It'sfair to say that Dan-Air is best remembered as a charter carrier. For many years the vast number of passengers were flown on charter services. The regulations that were in force in the UK, and for that matter, Europe, placed heavy emphasis on Scheduled Services being carried out by state run national carriers. Regular charter flights in the 1950s could only be operated if the whole of the holiday package price was the same as a standard scheduled service. No UK airlines other that BEA and BOAC could operate scheduled services out of London Heathrow and even then, a scheduled service licence would only be granted to an independent airline if the two state airlines had no objections to another airline operating it! Licences in the early days were granted by the Air Traffic Licencing Board (ATLB) and later on, the Civil Aviation Authority (CAA). It is inconceivable today, that those two organisations would not only be responsible for granting licences, but that they would decide what days the services could operate, what frequency and even the fares! Each time an airline wanted to increase or decrease a fare, it would have to be approved. Dan-Air's initial scheduled services would be from their base at Blackbushe to Jersey. That service would transfer to Gatwick when Dan-Air moved their main operation their. Dan-Air faced objections on their desire to operate from Liverpool to Rotterdam, as British European Airways, the state run Europe centric airline already flew to Rotterdam from Manchester. As the state carriers were able to fly from Heathrow to all the European capitals and plenty of prime routes from other UK cities, there seemed to be liltte for smaller carriers like Dan-Air to offer. The Link City network grew from Gatwick and would operate to secondary and even third tier airports. As the name suggests, these flights would hop around the UK, from 1968, taking in Gatwick, Bristol, Cardiff, Manchester, Liverpool, Carlisle, Newcastle and Glasgow.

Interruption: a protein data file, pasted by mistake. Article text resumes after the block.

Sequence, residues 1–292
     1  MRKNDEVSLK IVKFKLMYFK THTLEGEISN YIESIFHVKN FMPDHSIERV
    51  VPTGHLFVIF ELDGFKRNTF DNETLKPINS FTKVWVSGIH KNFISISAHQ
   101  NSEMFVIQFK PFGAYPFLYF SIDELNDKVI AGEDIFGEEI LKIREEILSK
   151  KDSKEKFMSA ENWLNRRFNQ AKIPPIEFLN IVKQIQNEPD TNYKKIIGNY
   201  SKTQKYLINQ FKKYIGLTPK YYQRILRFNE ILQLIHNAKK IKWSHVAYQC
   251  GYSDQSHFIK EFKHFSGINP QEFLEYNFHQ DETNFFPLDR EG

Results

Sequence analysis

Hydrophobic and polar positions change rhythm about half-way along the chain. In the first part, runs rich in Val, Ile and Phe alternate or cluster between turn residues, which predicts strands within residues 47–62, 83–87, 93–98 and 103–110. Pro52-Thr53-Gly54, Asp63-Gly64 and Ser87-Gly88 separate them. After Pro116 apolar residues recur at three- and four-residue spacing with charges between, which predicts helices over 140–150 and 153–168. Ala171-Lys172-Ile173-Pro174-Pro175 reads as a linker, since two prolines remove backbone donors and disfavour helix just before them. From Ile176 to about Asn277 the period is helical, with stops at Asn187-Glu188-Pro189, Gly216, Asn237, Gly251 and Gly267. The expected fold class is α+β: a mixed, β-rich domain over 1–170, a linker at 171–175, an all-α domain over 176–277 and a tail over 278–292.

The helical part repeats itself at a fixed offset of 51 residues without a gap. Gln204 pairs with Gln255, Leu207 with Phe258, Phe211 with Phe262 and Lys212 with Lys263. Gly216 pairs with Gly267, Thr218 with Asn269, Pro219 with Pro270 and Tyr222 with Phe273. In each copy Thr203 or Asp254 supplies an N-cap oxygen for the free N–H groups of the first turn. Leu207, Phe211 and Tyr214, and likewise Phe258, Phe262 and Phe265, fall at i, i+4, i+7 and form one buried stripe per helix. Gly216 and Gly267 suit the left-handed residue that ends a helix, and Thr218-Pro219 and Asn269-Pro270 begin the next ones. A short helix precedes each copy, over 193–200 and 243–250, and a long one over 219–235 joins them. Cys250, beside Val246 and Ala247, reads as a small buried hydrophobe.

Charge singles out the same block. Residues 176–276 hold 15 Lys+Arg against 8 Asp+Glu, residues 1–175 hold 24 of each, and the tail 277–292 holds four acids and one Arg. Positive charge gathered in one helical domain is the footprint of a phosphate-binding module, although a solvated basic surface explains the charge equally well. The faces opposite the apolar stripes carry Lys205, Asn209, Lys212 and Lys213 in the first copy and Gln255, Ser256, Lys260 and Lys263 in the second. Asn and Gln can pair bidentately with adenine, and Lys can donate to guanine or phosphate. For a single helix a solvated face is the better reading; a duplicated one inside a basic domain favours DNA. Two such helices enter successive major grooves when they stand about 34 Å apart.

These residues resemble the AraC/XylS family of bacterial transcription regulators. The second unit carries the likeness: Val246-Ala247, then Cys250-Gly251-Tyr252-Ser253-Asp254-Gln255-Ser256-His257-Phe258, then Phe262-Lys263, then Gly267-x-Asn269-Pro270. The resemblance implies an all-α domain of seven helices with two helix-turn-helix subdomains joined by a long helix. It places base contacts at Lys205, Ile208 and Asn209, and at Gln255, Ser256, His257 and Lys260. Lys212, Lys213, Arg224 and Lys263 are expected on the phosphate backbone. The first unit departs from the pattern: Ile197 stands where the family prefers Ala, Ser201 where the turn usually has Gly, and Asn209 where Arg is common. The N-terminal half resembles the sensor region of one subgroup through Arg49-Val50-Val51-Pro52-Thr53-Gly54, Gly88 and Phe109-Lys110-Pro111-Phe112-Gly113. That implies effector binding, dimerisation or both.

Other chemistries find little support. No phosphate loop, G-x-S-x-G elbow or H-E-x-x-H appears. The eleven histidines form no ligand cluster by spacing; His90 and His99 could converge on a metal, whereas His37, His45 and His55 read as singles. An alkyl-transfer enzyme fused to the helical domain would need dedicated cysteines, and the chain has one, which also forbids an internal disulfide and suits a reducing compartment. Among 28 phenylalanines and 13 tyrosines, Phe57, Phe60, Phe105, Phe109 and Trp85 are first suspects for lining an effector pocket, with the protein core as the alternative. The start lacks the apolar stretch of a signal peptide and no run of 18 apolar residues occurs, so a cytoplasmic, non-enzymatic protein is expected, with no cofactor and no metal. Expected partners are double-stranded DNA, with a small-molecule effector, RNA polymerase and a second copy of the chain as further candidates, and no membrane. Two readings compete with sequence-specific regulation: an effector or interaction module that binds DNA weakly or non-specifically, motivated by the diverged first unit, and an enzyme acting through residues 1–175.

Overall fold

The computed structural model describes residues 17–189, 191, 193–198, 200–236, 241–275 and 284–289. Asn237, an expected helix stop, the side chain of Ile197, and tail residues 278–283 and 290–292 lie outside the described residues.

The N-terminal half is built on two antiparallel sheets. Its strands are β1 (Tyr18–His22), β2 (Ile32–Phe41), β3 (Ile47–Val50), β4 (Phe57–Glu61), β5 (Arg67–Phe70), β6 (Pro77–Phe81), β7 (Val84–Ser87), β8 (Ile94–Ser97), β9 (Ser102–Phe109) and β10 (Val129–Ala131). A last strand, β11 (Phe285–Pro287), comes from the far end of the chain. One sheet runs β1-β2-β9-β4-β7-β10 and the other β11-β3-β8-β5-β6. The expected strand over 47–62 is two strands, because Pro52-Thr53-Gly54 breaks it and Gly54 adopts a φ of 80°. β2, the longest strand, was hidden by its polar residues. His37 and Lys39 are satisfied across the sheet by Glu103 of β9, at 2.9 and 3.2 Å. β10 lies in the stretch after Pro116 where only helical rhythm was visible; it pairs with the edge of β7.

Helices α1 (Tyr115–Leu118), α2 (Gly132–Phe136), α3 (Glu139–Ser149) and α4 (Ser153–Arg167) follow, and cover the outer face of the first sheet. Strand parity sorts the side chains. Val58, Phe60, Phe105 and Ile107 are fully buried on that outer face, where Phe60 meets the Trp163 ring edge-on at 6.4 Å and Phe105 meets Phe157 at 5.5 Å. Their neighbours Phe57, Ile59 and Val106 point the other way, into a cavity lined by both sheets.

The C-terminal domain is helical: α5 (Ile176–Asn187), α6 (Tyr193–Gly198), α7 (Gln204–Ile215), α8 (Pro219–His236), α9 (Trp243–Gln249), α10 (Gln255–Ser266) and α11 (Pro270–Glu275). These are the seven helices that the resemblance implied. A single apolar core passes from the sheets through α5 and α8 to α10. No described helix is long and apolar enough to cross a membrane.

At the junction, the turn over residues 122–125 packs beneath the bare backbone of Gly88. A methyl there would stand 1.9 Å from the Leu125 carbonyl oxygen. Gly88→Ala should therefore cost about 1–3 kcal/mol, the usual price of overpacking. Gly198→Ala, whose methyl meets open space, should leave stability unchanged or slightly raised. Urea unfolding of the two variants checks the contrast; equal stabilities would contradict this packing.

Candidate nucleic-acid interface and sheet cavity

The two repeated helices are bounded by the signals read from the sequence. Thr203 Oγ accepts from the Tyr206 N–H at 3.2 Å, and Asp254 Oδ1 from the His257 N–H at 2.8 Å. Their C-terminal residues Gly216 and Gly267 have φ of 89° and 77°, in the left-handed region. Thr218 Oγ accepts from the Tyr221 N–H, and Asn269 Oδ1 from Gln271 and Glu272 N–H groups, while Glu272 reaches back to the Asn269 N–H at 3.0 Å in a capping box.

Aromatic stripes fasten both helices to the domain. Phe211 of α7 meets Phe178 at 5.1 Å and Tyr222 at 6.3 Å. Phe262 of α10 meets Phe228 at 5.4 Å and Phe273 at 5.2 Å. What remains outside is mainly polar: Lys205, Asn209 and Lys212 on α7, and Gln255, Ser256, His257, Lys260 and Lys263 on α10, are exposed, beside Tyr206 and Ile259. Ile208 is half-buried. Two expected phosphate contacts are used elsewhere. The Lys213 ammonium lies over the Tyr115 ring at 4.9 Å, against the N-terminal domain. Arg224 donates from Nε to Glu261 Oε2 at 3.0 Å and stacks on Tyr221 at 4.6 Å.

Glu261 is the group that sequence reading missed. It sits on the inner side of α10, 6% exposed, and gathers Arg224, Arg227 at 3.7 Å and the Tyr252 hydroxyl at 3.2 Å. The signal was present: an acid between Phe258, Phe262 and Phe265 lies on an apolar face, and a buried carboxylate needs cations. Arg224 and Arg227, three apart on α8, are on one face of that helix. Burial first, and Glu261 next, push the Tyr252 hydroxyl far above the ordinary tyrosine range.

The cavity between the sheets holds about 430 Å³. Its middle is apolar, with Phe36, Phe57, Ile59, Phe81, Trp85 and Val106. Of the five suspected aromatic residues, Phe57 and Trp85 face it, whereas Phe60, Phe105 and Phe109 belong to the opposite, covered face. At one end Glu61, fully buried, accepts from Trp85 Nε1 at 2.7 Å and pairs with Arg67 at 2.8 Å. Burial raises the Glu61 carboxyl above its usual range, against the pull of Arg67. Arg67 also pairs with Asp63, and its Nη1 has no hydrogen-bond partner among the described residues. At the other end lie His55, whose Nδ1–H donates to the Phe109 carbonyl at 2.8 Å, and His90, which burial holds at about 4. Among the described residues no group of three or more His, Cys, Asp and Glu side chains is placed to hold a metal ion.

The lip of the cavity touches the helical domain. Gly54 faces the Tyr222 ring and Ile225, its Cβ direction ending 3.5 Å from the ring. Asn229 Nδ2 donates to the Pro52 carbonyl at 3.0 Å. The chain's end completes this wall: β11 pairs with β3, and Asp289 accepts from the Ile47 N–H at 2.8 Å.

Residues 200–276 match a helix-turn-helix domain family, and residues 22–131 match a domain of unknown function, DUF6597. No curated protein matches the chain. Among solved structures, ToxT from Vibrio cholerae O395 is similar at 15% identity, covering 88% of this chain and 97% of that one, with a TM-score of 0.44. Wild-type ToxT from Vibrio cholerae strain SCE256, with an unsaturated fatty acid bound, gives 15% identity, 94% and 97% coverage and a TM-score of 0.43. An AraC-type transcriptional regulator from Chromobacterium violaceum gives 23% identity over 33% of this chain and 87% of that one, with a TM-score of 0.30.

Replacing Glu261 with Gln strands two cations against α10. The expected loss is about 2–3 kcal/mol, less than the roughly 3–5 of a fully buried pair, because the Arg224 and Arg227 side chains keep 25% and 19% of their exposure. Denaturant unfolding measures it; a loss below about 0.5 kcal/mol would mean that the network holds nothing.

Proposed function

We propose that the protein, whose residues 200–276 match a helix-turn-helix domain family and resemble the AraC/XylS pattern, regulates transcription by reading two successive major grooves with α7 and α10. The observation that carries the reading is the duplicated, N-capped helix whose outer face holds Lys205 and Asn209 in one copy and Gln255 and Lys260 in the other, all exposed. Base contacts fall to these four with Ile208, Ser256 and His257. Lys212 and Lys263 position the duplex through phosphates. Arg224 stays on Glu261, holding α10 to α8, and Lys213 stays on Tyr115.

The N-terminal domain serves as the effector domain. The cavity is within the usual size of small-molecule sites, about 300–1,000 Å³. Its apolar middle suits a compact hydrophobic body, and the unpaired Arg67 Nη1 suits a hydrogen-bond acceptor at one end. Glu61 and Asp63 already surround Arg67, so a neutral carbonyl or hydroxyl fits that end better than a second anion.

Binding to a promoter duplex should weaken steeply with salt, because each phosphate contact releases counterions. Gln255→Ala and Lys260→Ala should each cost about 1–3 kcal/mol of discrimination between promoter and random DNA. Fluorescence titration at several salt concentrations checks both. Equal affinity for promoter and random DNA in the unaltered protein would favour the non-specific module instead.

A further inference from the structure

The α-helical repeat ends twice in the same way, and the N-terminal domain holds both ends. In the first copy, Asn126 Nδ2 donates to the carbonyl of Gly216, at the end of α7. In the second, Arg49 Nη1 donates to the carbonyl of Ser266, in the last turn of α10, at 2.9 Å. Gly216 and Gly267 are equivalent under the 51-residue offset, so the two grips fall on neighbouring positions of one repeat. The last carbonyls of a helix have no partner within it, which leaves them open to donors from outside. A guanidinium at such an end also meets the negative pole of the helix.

By 1971 several 'Link-City' services were being flown. With Birmingham, Tees Side, Prestwick, Leeds/Bradford and Bournemouth being added. Those early flights were flown by Dakota aircraft before being joined by DeHavilland Dove and Heron aircraft. The Dove had a seating capacity of eight people and the Dakota just 36. There was hardly any room for cabin service. The Nord 262 joined the fleet in 1970 and offered passengers comfort and convenience on the 'Link-City' flights. Turnarounds at regional airports could be as quick as five minutes. International services in the early 1970s comprised of just Newcastle - Stavanger & Kristiansand, Tees Side - Stavanger, Gatwick to Berne, Ostend and Liverpool - Amsterdam.
Just one year later Montpelliler, Beauvais, Clermont Ferrand and Bergan had been added to the network. The introduction of the Hawker Siddeley 748 improved catering standards and the first jet to operate on regular scheduled services was the BAC -1-11. the Comet had served briefly on the Liverpool - Amsterdam service, but had proved to be inefficient. Domestic services continued to grow through the 1970s with several airports joining the Link City and as point to point destinations. Dinard and Strasbourg were being served by 1977. The silver jubilee year of 1978 saw the Perpignan service launch.